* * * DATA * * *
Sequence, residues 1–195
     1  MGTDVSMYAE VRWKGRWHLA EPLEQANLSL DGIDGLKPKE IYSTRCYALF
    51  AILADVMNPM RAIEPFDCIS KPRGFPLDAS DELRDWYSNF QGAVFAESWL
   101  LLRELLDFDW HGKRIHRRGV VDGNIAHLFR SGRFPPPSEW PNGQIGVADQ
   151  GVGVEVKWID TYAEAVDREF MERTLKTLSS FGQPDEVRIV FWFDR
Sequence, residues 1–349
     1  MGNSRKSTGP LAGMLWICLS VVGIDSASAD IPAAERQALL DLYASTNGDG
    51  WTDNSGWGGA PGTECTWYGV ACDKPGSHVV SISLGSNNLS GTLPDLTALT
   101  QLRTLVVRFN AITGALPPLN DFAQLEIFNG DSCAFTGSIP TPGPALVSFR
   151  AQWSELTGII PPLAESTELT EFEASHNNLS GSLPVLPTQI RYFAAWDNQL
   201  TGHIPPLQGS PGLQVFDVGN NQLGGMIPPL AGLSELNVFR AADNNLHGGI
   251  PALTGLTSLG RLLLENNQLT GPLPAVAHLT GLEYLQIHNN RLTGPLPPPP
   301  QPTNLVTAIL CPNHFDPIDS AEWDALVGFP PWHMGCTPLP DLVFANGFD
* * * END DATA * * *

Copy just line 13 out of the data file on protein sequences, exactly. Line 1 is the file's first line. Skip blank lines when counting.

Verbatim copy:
   301  QPTNLVTAIL CPNHFDPIDS AEWDALVGFP PWHMGCTPLP DLVFANGFD